My studio-mate! I share a studio with my friend Kaylee, who runs a floral subscription business called Florish. I absolutely am getting the better end of the deal -- her flowers always make our space smell amazing, and it's so inspiring to see her create with fresh flowers! Having a friend to talk about business, who's in the same boat as you, is invaluable. We love talking business strategy and brainstorming ideas -- sometimes the hardest part is having the willpower to put on our headphones and get some work done.
A close second is just having a dedicated space for making and a hub for my business. I didn't realize just how much working from home by myself was impacting my mental health. I had no boundaries around my work, and it bled into every part of my life. It was all I thought about. Being able to leave the studio every night and go home and just enjoy time with my husband and kitties is SO nice -- we all need to shut that part of our brains off every once in a while.
You travel to teach weaving and macrame workshops. What is the best part of teaching?
I'm incredibly honored that I get to serve as that introduction to weaving or macrame for my students. Being creative is one of the most fundamental, basic joys of life, but so many people don't get the opportunity to indulge in creative moments between work and family life. So the best part of teaching, for me, is just seeing that light click on for people when they feel that surge of happiness that's spurred by the simple act of being creative. You get to see a different side of people than the way they may present themselves if you met them at work or at a social gathering. It's a little vulnerable, especially since we as adults don't put ourselves in a lot of situations where we're just complete beginners.
You also host a podcast called Scrap Paper. Tell us all about that!
Yes! Scrap Paper is a podcast for creative entrepreneurs trying to find their way as they run their own business. The whole idea behind Scrap Paper is to talk about the experiments we do in business -- and hopefully, to feel less alone hearing other business owners struggle with the same situations you may be experiencing. I have a few friends that serve as rotating co-hosts with me, and we tackle topics like social media, craft markets, impostor syndrome and finances.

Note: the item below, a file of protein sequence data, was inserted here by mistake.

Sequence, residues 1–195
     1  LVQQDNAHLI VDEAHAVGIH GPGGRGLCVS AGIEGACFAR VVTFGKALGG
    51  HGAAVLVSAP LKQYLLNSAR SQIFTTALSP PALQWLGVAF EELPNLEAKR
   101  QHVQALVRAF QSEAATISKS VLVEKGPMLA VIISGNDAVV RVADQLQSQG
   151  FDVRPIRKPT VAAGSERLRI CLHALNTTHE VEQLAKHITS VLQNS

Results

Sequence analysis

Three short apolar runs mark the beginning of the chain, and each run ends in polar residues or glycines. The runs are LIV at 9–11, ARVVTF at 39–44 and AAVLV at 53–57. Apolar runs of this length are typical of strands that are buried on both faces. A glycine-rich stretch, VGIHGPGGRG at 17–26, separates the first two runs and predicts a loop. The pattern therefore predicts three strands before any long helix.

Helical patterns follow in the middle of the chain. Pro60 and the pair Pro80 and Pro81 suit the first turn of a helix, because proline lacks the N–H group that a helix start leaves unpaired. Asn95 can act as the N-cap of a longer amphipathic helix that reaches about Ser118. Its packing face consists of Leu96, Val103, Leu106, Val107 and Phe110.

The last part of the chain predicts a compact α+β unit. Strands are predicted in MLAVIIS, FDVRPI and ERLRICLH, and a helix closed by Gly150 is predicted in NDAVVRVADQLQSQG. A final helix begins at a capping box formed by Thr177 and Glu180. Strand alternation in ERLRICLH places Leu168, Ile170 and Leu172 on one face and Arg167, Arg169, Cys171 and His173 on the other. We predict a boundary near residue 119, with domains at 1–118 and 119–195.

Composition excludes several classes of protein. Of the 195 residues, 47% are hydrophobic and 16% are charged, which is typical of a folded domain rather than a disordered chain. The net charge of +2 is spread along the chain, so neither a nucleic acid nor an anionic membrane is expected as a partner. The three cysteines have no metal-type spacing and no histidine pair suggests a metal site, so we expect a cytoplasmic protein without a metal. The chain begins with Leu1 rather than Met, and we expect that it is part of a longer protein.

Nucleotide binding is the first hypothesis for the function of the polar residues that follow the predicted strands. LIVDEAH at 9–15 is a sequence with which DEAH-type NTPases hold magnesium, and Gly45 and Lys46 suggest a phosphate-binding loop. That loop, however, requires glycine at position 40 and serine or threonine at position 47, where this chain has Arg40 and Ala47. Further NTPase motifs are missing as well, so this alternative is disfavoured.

We always ask women that we admire: what advice they would have for women trying to make a name for themselves in their field?
Focus on how you're different -- not how you're the same. A lot of fiber artists that I've seen online gravitate towards neutrals, and that is so not me. And for a while, I thought, I'll never get any business if I don't make neutrals. And then I realized that it was so silly to shy away from using color in my pieces because my use of color is what makes me stand out -- and there is a huge group of people who LOVE bright colors in their homes. Don't try to build your business copying what someone else has done -- you'll find success when you embrace the thing that only you can do.
Who inspires you creatively?
Omg, the list is so long! Lisa Congdon is super inspiring -- her use of color just makes my heart sing. My dear friend Natalie of Natterdoodle also inspires me so much; her art promotes positively and social consciousness. She's taught me that what we create can be about so much more than us (the artist). I've also just started watching Pete Holmes's show "Crashing" on HBO -- he's a comedian and the show is based on his life as he pursued comedy in the wake of his divorce. I kind of love watching creatives go through the trial and error phase of being an artist, and you see that in "Crashing" -- you see Holmes bombing on stage and learning to get better. Side note: my husband likes to refer to my artistic struggles as "the Greek epic" -- it has NOTHING (read: everything) to do with how dramatic I am when I can't untangle a creative problem.
What can we expect to see from you next?
More weaving and macrame workshops in Columbus, Cleveland and Cincinnati and a spring collection in April! And lots of dreamy custom pieces that I'm in the beginning stages of working on at the moment!
A big, sincere thank you to Sarah for having us into her space and letting us get to know more about her!
You can follow Sarah on her website here and on Instagram @sarahharste.